Kathleen Glassburn



Several hours after the wedding, we took a late-night flight to St. George’s, Bermuda and checked into our suite at Molly Porter’s Pub & Inn. With the confusion of rushing from the reception and last-minute packing, Kate remembered her white silk goddess gown but forgot her birth control pills.

“I’ll have my prescription sent to a local pharmacy,” she said. “Don’t worry, Philip, I’m not going to get pregnant for just a few days.”

“Oh yeah?” In all her life it seemed like nothing had ever gone awry for

Katherine Anne Best — now Conlin.

By contrast, I had gone to special classes for my stammer through elementary school and carried a nebulizer in my backpack until eleventh grade.

We were living in one of her father’s condos, rent-free. As soon as possible, I wanted to buy our own house. A baby now would mess up that plan.

“What are we going to do? Abstain? It’s our honeymoon for God’s sake!” She rubbed up to me and cajoled me until I cast aside my concerns, feeling the steam rise between us under a fan that spun like a propeller, barely moving the room’s humid air.

Afterwards, several minutes into a doze, I awakened to burning, swelling, tingling, and Kate complained of the same things. I said, only half jokingly, “Maybe we’ve become allergic to each other.” Will I start to gasp as well as itch?

I’d never had sex with anyone else, even Peggy my only other serious girlfriend, and the daughter of my mother’s best friend back home in Chambers, Minnesota. Peggy and I fooled around plenty, but she had convinced me that being virgins was important as a pledge to God and the Catholic Church, as well as to our mothers. Still, we’d been close enough and neither of us ever broke out in hives the size of nickels.

Kate and I moved over to the French doors of our balcony, hoping for a breeze.

“Allergic?” She scrunched up her face before going on, “It’s the heat.”

Despite the early-morning hour, it was already eighty-five degrees.

“Come on, lots of other things to do besides fuck.” She threw both arms around my waist for a quick hug and kissed me hard – her naked, me robed up.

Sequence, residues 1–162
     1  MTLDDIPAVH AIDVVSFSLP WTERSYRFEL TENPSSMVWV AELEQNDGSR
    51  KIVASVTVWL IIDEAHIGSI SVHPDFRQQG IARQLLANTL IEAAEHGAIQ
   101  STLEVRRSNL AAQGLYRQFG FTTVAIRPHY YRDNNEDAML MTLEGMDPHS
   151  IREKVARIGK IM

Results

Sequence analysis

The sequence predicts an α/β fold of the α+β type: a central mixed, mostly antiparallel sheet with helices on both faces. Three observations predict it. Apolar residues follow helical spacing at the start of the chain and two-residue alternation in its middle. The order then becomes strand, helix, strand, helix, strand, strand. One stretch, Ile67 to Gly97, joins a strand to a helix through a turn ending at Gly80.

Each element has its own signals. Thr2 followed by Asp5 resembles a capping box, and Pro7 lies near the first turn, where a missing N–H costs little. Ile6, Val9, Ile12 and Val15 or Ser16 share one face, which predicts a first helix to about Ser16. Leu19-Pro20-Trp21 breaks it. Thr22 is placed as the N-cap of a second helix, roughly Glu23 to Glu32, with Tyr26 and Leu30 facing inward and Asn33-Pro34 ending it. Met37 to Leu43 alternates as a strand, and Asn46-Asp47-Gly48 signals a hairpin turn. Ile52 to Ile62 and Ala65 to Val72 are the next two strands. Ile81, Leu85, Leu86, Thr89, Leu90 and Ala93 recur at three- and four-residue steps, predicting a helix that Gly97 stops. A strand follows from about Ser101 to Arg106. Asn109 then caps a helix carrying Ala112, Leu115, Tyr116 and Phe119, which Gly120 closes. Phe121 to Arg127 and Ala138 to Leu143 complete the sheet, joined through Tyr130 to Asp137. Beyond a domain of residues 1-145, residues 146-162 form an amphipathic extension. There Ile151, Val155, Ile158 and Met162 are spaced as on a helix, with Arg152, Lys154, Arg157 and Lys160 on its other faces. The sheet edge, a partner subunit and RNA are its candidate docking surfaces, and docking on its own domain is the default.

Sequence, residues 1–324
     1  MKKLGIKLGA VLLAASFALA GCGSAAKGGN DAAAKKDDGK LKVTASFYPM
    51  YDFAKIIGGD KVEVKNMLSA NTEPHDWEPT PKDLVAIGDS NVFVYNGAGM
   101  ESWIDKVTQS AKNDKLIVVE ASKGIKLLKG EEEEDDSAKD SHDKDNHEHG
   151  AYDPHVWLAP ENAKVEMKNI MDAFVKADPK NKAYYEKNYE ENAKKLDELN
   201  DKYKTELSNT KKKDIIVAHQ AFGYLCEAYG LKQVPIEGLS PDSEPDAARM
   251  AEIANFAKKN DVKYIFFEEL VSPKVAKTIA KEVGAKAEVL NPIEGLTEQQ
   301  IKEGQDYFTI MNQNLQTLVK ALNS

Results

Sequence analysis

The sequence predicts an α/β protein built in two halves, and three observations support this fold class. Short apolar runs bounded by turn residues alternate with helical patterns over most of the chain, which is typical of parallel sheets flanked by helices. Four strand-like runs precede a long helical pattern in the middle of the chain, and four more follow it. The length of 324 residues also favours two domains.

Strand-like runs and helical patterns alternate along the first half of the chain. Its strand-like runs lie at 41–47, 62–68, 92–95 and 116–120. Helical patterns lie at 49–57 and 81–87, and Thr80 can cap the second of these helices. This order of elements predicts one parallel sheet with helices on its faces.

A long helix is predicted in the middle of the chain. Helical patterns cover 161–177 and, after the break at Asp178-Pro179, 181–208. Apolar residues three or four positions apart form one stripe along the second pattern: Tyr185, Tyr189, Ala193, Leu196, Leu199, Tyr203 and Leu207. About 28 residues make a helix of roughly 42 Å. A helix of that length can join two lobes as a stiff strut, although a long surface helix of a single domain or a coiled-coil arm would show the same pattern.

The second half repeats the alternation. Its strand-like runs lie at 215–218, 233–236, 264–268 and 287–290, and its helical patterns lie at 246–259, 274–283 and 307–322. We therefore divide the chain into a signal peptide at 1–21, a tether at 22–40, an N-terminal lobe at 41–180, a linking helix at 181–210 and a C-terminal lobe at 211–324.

Usually her talk and lack of inhibitions amused me, but feeling tender and grumpy, I mumbled, “What do you want to do?”

Kate crawled back atop our canopied bed, not bothering to put on the white silk nightgown. Angry welts had sprung out where her tan ended. She picked up a tourist magazine and nonchalantly leafed through it. “There’s an aquarium…and hey, we could go swim with dolphins.” An animal lover, these activities would catch her attention.

Back at the condo in Minneapolis, one of the mailboys from Malcolm Best’s electrical engineering company cared for her Humane Society rescues – three yappy, mixed-breed terriers and a couple of scruffy cats. Since her father owned this building, as well as dozens of others, Kate didn’t need to comply with the one-small-pet-per-unit rule. Because she worked at the shelter, it was anyone’s guess how many more strays would join our newly-formed family.

“Don’t  you want some clothes?”

“No. I can’t stand anything on me right now. I’ll take a cold shower after yours.” She fanned herself with the magazine.


We walked to Water Street, Kate rushing along in front of me by several feet. There we caught a pink bus, scaled down for the island.

Wearing a loose yellow dress and “No underwear, to get as much healing air on these buggers as possible,” she’d told me.

In the 10:30 a.m. sparkling sunshine, we disembarked at the Bermuda Aquarium, Museum and Zoo in Flatts Village. Kate’s dress stuck to her body rather than blowing up.

One turtle the size of a manhole cover topped another equally large specimen in the corner of an outside pool by the ticket window. The bottom turtle’s brownish-green head (etched with geometric shapes like mosaic tiles) pressed between the turquoise wall and a white plastic filtration tube. The upper turtle, similarly marked, had a leg flopped over the bottom turtle’s back. Its nose nuzzled along the lower one’s neck while they rocked back and forth.

“Check them out,” Kate said.

Other visitors stopped to observe and snicker.

Little children said, “What’re they doing?”

“Let’s give them some privacy.” I grabbed Kate’s hand.

“Why? They’re the ones who chose this spot.” She gave me a sidelong glance from under lids that partially covered gingersnap-brown eyes. For the next few minutes, we watched the copulating reptiles, until their movements stopped and Kate said, “Time for a smoke.”

Can we go in?”

“Sure, silly…lighten up.” She gave me a playful nudge.

Ever since leaving our suite to explore this pastel-hued island, while she didn’t seem that bothered by her rash, my discomfort had worsened. Even the Green Turtles, an endangered species that the BAMZ made every effort to keep from extinction, with the obvious cooperation of this pair, seemed to have taunting looks on their satisfied faces.

Preserve and Conserve had been the motto at a Democratic fundraiser where Kate and I had met – she as an attendee from the environmental nonprofit where she worked, me as a journalist covering the event for the Minneapolis StarTribune. Proudly, I’d told her about my father’s newspaper that supported Al Gore, then basked in her enthusiasm.

An enormous water-filled, glass silolike structure attracted her attention as we entered the first room of the BAMZ. Hundreds of silver fish with rosy underbellies swam in synchronization, their combined bodies flickering like a disco ball. She watched them as I studied her through the glass. These glittering specimens did nothing to distract from the ballerina-like way Kate stood. Others deferentially stepped aside, careful not to disturb her reverie. Only I knew where that mind had been moments before.